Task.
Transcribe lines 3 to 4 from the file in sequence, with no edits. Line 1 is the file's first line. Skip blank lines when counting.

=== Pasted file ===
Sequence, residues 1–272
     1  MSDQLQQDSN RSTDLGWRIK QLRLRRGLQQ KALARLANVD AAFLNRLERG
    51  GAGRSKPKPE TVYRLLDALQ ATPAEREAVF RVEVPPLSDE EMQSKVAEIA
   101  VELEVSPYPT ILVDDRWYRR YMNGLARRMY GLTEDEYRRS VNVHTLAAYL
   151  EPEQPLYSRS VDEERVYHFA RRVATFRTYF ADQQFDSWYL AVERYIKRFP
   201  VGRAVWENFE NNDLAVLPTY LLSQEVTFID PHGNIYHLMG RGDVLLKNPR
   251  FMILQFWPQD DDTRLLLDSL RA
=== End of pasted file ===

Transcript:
    51  GAGRSKPKPE TVYRLLDALQ ATPAEREAVF RVEVPPLSDE EMQSKVAEIA
   101  VELEVSPYPT ILVDDRWYRR YMNGLARRMY GLTEDEYRRS VNVHTLAAYL